If we assume the financing fees incurred in the process of raising the debt capital were 2.0% of the total debt amount, the total financing fee is assumed to be $40 million.
- Total Financing Fee = $2 billion * 2.0% = $40 million
Assuming a borrowing term of 5 years, the financing fee amortization is $8 million per year for the next five years.
- Financing Fee Amortization = $40 million / 5 Years = $8 million
Since interest must be paid on the new debt raised to fund the purchase, we’ll assume the interest rate is 5.0% and multiply that rate by the total debt to calculate an annual interest expense of $100 million.
- Annual Interest Expense = 5.0% * $2 billion = $100 million
With the cash consideration section complete, we’ll move to the stock consideration side of the deal structure.
Like our calculation of total debt, we’ll multiply the offer value by the % stock consideration (50%) to arrive at $2 billion.
The number of new acquirer shares issued is calculated by dividing the stock consideration by the current share price of the acquirer, $40.00, which implies that 50 million new shares must be issued.
- Number of Acquirer Shares Issued = $2 billion / $40.00 = 50 million
In the next section, we must address two more assumptions:
- Transaction Fees
Synergies represent the incremental revenue generation or cost savings from the transaction, which we’ll net against the costs of the synergies, i.e. the losses from the integration process and shutting down facilities, even if those represent cost savings over the long run.
The synergies from our hypothetical deal are assumed to be $200 million.
- Synergies, net = $200 million
The transaction fees – i.e. the expenses related to M&A advisory to investment banks and lawyers – are assumed to be 2.5% of the offer value, which comes out to be $100 million.
- Transaction Fees = 2.5% * $4 billion = $100 million
Step 3: Purchase Price Accounting (PPA)
The purchase premium is the excess of the offer value over the net tangible book value, which we’ll assume is $2 billion.
- Purchase Premium = $4 billion – $2 billion = $2 billion
The purchase premium is allocatable to the write-up of PP&E and intangibles, with the remaining amount recognized as goodwill, an accrual accounting concept meant to capture the “excess” paid over the fair value of a target’s assets.
The allocation of the purchase premium is 25% to PP&E and 10% to intangibles, with both having a useful life assumption of 20 years.
- PP&E Write-Up
- % Allocation to PP&E = 25.0%
- PP&E Useful Life Assumption = 20 Years
- Intangibles Write-Up
- % Allocation to Intangibles = 10.0%
- Intangibles Useful Life Assumption = 20 Years
Upon multiplying the purchase premium by the allocation percentages, the PP&E write-up is $500 million, while the intangibles write-up is $200 million.
- PP&E Write-Up = 25% * $2 billion = $500 million
- Intangibles Write-Up = 10% * $2 billion = $200 million
However, the write-up of PP&E and intangibles creates a deferred tax liability (DTL), which arises from a temporary timing difference between GAAP book taxes and the cash taxes paid to the IRS.
Since future cash taxes will exceed the book taxes shown on the financial statements, a DTL is recorded on the balance sheet to offset the temporary tax discrepancy that will gradually decline to zero.
The incremental depreciation stemming from the PP&E and intangibles write-ups are tax-deductible for book purposes but not deductible for tax purposes.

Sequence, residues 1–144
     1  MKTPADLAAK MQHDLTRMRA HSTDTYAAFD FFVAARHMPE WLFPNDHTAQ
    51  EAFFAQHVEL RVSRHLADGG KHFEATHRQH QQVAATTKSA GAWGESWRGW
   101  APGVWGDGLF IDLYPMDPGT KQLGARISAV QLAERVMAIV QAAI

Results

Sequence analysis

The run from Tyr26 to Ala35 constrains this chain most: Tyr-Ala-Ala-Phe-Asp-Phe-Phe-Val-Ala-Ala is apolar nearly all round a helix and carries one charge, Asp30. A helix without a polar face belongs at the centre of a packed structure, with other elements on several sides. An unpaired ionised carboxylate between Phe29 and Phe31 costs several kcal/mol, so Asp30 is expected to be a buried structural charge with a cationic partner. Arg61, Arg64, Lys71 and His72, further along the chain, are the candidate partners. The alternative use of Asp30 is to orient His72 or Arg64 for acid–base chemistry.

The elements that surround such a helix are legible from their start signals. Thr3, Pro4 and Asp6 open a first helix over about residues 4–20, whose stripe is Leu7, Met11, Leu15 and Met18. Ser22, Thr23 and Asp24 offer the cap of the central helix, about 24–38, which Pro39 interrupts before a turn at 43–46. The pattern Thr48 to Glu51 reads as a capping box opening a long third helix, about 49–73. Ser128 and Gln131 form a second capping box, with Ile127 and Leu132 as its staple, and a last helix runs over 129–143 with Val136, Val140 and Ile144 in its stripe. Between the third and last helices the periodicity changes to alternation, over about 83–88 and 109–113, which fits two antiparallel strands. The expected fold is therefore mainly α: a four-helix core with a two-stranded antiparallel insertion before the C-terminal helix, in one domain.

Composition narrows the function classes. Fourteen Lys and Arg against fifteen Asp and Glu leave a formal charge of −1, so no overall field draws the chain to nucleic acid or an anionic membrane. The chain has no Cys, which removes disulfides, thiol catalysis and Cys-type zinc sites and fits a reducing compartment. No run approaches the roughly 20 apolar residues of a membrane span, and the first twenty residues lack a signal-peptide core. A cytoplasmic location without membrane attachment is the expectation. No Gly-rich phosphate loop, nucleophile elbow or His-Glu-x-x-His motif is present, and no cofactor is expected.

The incremental depreciation is $25 million, while the incremental amortization is $10 million.
- Incremental Depreciation = $500 million / 20 Years = $25 million
- Incremental Amortization = $200 million / 20 Years = $10 million
- Incremental D&A = $25 million + $10 million = $35 million
The annual decline of the DTLs will be equal to the total DTL divided by the corresponding useful life assumptions for each asset that is written up.
The total goodwill created is $1.4 billion, which we calculated by subtracting the write-ups from the purchase premium and adding the DTL.
- Goodwill Created = $2 billion – $500 million – $200 million + $140 million
- Goodwill = $1.4 billion
Step 4: Accretion/Dilution Analysis Calculation
In the final part of our exercise, we’ll start by calculating each company’s net income and earnings before taxes (EBT) on a standalone basis.
The net income can be calculated by multiplying the forecasted EPS by the diluted shares outstanding.
- Acquirer Net Income = $4.00 * 600 = $2.4 billion
- Target Net Income = $2.00 * 200 = $4 million
EBT can be calculated by dividing the company’s net income by one minus the tax rate, which we’ll assume to be 20.0%.
- Acquirer EBT = $2.4 billion / (1 – 20%) = $3 billion
- Target EBT = $400 million / (1 – 20%) = $500 million
We’ll now work to determine the post-acquisition company’s pro forma combined financials.
- Consolidated EBT = $3 billion + $500 million = $3.5 billion
- Less: Interest Expense and Financing Fees Amortization = $108 million
- Less: Transaction Fees = $100 million
- Plus: Synergies, net = $200 million
- Less: Incremental Depreciation = $35 million
- Pro Forma Adjusted EBT = $3.5 billion
From there, we must deduct taxes using our 20% tax rate assumption.
- Taxes = $3.5 billion * 20% = $691 million
The pro forma net income is $2.8 billion, which is the numerator in our EPS calculation.
- Pro Forma Net Income = $3.5 billion – $691 million = $2.8 billion
Before the transaction, the acquirer had 600 million diluted shares outstanding, but to partially finance the deal, 50 million more shares were newly issued.
- Pro Forma Diluted Shares = 600 million + 50 million = 650 million
By dividing our pro forma net income by our pro forma share count, we arrive at a pro forma EPS for the acquirer of $4.25.
- Pro Forma EPS = $2.8 billion / 650 million = $4.25
Compared to the initial pre-deal EPS of $4.00, that represents an increase in EPS of $0.25.
In closing, the implied accretion / (dilution) is 6.4%, which was derived by dividing the pro forma EPS by the pre-deal EPS of the acquirer and then subtracting 1.
- % Accretion / (Dilution) = $4.25 / $4.00 – 1 = 6.4%